• Image about jim-jasek-texas-waco-library-binding-institute-americanway


AMERICANA

ADMIT IT: SOMEWHERE stored away, you still have that treasured copy of a book you received as a child. Black Beauty, The Littlest Angel, maybe that first edition of a Nancy Drew or Hardy Boys mystery, or perhaps some Golden Books like the ones you read to your children. How about that beloved old family Bible that has been handed down from generation to generation?

The passage of time has caused such keepsakes to become soiled and tattered, worse for the passing years of wear. But you’ve kept them because they are touchstones of your past, hold-in-your-hand proof of warmly remembered bygone days.

And you wish they could be new again, the dust and disrepair of time magically swept away.

Jim Jasek can do that.

He has been doing that for a half century, in fact -- plying his ancient bookbinding trade, making old new and bringing the past into the present. He’s watched tears well in the eyes of his grateful customers who’ve seen the miracles he performs. He has re-bound and restored books that were given as gifts to former president Gerald Ford and former Texas governor John Connally. When NASA was anticipating its first moon landing, its officials brought Jasek a worn copy of Jules Verne’s classic novel From the Earth to the Moon, asking for it to be re-bound so it could be carried on the historic voyage.

“Yes, I like what I do,” the 68-year-old Renaissance man -- book collector; photographer; spelunker; student of math, philosophy, and languages -- says as he sits in his small Waco, Texas, office. “I can’t imagine a more satisfying way to earn a living.” Bookbinding, he insists, is an art -- one that may be obscure, even fading, but an art nonetheless.

Back in the late 1940s, the owner of a suburban Chicago bookbinding company sent his father to the Southwest in search of areas ripe for expansion; Frank Jasek returned with news that every major city in Texas had thriving bookbinding businesses. The most viable possibilities for expansion, he reported, seemed to be Waco, Texas; and Santa Fe, New Mexico. Waco got the nod, and the elder Jasek was given the responsibility of opening and operating the Texas branch of the Library Binding company. Ten years later, he purchased the business from his old boss.

And now, half a century later, it is looked after by his son, who began working for him, sweeping floors, at age 11.

Today, Jim Jasek’s is the last remaining bookbinding company in Texas. And while Jasek stops short of declaring his a disappearing craft, he acknowledges that those practicing it are now fewer in number. Today, the Library Binding Institute and Hardcover Binders International, a trade association that serves as the industry’s clearinghouse and standard-setter, has but 72 commercial bookbinding companies, mostly family owned, as members. Those are hardly Starbucks numbers, but, as Jasek argues, “There will be bookbinders as long as there are books and periodicals in need of care and repair.”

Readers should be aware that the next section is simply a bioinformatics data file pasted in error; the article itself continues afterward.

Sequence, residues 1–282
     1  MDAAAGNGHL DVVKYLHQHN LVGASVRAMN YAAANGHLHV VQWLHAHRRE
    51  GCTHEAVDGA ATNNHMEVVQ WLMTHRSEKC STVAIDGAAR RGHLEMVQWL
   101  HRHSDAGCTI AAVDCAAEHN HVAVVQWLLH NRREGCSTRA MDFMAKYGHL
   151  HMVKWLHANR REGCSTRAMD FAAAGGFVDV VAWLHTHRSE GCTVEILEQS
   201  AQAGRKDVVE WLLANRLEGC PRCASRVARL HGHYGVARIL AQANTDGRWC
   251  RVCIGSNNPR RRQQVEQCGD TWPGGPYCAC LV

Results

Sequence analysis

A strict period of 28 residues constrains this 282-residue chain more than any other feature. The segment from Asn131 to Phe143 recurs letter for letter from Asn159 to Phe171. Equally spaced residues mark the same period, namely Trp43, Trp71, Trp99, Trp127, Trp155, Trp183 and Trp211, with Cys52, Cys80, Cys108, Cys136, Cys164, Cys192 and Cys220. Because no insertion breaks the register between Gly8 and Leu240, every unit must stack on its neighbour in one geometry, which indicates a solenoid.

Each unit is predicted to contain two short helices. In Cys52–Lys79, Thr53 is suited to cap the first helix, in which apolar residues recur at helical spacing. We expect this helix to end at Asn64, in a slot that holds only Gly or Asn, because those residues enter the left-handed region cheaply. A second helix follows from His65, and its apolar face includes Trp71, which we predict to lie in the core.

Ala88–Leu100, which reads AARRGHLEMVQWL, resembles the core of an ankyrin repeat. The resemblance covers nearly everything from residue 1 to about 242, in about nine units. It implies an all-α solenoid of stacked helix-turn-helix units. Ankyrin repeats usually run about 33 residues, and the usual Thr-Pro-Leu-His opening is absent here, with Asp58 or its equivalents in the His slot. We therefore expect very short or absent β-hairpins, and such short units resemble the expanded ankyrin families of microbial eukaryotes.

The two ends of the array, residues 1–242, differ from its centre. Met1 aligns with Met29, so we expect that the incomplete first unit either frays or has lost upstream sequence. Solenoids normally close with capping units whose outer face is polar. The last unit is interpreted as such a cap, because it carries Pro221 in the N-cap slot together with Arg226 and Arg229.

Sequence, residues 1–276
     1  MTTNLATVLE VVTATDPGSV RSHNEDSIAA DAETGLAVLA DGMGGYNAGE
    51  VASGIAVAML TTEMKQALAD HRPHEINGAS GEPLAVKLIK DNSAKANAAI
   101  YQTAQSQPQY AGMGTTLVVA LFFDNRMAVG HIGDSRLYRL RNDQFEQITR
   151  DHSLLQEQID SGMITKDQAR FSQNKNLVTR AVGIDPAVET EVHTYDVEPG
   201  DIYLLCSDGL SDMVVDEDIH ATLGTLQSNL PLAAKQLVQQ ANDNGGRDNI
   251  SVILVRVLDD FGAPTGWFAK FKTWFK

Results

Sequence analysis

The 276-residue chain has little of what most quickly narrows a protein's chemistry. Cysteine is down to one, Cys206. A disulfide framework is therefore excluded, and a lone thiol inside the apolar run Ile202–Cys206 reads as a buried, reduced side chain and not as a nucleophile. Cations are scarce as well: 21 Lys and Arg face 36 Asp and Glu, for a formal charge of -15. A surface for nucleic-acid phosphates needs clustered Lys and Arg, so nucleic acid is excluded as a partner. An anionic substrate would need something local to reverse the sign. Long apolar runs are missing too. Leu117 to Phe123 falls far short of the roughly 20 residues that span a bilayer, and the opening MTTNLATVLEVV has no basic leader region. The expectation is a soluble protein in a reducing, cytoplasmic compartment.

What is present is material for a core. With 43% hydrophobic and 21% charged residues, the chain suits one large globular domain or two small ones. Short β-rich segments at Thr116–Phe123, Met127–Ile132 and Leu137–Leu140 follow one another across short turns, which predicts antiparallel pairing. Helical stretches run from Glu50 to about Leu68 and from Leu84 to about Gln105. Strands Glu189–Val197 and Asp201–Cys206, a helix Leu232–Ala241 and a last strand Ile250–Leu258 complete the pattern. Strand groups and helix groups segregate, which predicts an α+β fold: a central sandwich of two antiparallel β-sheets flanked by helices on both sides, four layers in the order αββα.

Certainly, it is a craft with a long history, originating in India in the first century during the prepaper days, when treated palm leaves were used as pages and wooden boards served as covers. In the United States, Acme Bookbinding, based in Charlestown, Massachusetts, can trace its history to 1821. And those who argue that the art form isn’t going the way of the Edsel and Beta videotapes point to the fact that today, several universities offer courses in bookbinding.

While public and school libraries are Jasek’s main customers, shipping worn books in need of new covers, it is a rare day that some new and challenging request doesn’t reach his door. In the central Texas community of Ennis, school students recently completed the massive undertaking of producing a handwritten, illustrated copy of the Bible. Jasek and his 30-member staff were asked to bind the six-inch-thick book. He admits that he still gets nervous when some collector’s one-of-a-kind book comes his way, as well as when he receives a request to bind collected copies of something, like the 12-issues-per-year scientific publication Biological Abstracts, which has a subscription rate that rivals the cost of three bedrooms and two baths.

“One of the things we’ve been doing for a growing number of customers in recent years,” Jasek says, “is binding collections of comic books.” Issues of Spider-Man, Batman, and other comics now regularly come his way from throughout the United States and Canada. Recently, he’s had inquiries from as far away as Germany and Austria.

Debra Nolan, executive director of the Library Binding Institute and Hardcover Binders International, agrees that the industry is constantly evolving. Publishers who offer print-on-demand book services are seeking bookbinders to produce the copies they’ve promised to authors. Photo books of weddings, graduations, and family reunions are being bound for individuals in growing numbers.

And, yes, the requests are sometimes strange. A few years ago, Baylor University, wishing to give a unique token of its gratitude to those who donated funds for a new campus building, asked if Jasek could provide a stylish binding for a number of bricks that would be presented to donors.

No problem. “I’m in the business of making people happy,” he says. And, when you think about it, attaching a cover to a brick isn’t that far removed from the ancient art of binding pages made of tree leaves.